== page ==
I have become dear friends with my neighbor just down the street from me. Our friendship blossomed over summer. We were at the track running one night and she told me that she would likely be homeschooling her children this next year. I did my fake "oh, that's cool" supportive remark because I know all about home school and the damage it does to kids...NOT. Our discussion continued and I made mention of how home schooled kids have social issues. Little did I know she was awaiting the ever so common concern and said "I was home schooled". I would have never guessed. But she's so "normal". She has no signs of social weirdness, she has a lot of friends and talks to any stranger on the street. Is it possible to home school and not be weird? Right there! Interest piqued! But it didn't click yet to actually start because I discovered this before school started and I didn't yet know the misery that lay before me.
So school and the misery started. I felt like I had no choice still as many other charter schools functioned the same way. Legacy was my only choice. Then things started sprouting on the internet about public and home schooling. I discovered I had many friends that HS'd and my best friend was seriously considering it. Once I started heading down that road, I didn't look back. Every time I spoke about it with someone, a fire lit inside me. It seemed like that was my new only choice. I talked with my parents about it. They gave me full 100% support. It brought me back to when I was a teenager and my dad told me "someday you WILL home school your kids". My friends supported me. Strangers support it. I can't tell you how the support has made all the difference. I hear of how horribly opinionated people have been to my HS cohorts and I am so grateful I have not had to endure that yet. I couldn't wait to start this new journey with my kids!
So we have been at it for almost two months now. Jaxon was slightly sad to leave Legacy and wasn't thrilled about this idea but now he wouldn't go back. There are still stressful moments and I am still trying to figure this whole thing out. It is hard to get out of the "schooling" mode. I'm learning to go at my kids' pace and turn school into fun. Learning is supposed to be fun! And you learn more when it is. There were so many assignments that came home and I would think "what the hell does this matter?!". Now I have time to teach them things that matter. I have time to teach spiritually which I didn't before. We read scripture, learn deeply about things going on in our lives, do math, reading and writing at their level, we go to the library and read dozens of books at a time, and most importantly, we PLAY! We play everyday! We go on frequent field trips. Spend time with friends. Enjoy the outdoors. Enjoy lots of family time. I can't tell you how extremely happy this has made me. Literally an answer to prayers. My marriage is better. My relationship with my kids grows daily. Their relationship between each other grows. I can't express enough how perfect this is for us. I still have doubts sometimes. I'm sure I always will. Some other factors I've looked in to that have confirmed our decision...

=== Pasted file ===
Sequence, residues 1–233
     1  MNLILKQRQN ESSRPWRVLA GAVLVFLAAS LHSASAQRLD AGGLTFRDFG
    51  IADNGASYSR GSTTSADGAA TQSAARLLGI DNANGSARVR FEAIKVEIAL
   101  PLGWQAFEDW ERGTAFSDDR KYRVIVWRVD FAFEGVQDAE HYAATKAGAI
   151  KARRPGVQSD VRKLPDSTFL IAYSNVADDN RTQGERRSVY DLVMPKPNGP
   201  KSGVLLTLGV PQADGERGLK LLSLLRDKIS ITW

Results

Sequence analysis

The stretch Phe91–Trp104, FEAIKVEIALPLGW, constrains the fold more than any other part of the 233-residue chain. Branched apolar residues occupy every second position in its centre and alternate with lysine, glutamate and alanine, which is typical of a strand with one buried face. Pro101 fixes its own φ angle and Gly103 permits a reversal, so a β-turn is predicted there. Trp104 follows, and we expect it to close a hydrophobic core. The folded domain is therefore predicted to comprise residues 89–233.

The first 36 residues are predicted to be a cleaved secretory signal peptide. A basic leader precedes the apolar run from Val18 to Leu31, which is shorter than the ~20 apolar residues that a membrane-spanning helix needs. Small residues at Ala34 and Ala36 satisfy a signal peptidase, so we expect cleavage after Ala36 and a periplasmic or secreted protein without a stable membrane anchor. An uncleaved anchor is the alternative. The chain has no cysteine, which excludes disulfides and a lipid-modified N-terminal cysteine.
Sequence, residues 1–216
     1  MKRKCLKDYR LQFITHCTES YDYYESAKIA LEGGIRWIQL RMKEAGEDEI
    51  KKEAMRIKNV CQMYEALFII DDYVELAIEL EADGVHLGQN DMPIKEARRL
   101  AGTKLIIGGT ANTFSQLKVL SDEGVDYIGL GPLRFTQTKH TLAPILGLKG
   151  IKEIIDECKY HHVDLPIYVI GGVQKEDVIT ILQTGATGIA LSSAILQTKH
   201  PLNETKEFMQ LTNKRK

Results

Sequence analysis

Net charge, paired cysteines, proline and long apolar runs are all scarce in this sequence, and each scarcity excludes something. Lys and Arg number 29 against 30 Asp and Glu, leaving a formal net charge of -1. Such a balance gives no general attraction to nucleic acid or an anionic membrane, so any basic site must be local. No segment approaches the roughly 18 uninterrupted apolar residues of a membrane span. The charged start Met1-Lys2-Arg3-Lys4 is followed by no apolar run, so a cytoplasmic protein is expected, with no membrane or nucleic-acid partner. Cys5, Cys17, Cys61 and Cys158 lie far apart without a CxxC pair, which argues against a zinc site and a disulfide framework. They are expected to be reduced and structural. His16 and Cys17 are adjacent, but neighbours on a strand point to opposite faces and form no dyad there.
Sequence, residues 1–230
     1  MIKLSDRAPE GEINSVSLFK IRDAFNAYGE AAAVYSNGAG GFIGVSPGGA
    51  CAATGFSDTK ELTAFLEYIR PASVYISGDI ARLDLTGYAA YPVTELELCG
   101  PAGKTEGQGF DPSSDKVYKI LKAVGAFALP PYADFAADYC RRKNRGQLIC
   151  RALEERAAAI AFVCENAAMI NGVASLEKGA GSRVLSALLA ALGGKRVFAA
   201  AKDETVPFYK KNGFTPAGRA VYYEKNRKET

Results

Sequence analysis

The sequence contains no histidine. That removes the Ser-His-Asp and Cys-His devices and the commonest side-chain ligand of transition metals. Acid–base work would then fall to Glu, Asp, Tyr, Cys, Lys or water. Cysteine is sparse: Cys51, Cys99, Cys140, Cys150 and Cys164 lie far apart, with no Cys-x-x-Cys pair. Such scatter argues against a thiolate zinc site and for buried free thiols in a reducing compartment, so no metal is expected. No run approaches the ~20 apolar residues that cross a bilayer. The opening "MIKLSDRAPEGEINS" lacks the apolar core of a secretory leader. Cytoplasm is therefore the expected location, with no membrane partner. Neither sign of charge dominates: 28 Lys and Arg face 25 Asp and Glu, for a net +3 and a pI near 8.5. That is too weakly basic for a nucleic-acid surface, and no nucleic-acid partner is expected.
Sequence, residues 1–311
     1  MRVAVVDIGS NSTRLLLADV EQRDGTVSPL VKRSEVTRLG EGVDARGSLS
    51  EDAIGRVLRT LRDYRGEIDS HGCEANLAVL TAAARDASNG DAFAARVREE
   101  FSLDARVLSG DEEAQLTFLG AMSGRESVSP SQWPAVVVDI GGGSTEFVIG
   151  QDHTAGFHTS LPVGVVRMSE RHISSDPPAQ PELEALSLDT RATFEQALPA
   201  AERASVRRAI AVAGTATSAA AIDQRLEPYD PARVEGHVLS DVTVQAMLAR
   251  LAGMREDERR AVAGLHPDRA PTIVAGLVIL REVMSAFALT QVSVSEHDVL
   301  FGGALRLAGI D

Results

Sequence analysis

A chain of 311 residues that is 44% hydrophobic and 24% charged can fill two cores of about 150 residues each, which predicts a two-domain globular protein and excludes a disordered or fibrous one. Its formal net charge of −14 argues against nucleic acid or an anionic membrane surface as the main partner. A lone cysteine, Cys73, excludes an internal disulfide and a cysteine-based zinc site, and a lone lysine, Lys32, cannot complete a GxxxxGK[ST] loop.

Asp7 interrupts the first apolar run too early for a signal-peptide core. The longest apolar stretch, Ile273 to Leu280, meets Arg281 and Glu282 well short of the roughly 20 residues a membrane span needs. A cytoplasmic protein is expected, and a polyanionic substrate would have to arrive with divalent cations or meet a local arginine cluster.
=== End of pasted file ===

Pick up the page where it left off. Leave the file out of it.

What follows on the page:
1. HS Kids do just as good, if not better than PS kids academically. 2. I won't have to worry about my kids learning sex-ed in kinder 3. we get to avoid common core (for now) 4. my kids will be great socially because Brian and I are social and we will make sure our kids are involved (sports, clubs, etc). I learned people can be awkward even if they go to PS. This is no longer a concern. 5. Maybe it's a good thing for my kids to be "weird". Look at all the kids in public school. Do I want my kids to be like all those kids? Some of them, maybe, but a lot of them, no. I was bullied in school. I think my confidence would have been greatly strengthened had I been home schooled. I also learned how to be a bully and make fun of others. I would rather my kids be weird, happy, confident and kind to others.
All in all, I am loving my life. I love having my kids with me. I love learning with them and hopefully molding them to be awesome. It's not always easy and fabulous but every moment that it is, fills my heart with pure joy. This is exactly what I was meant to do.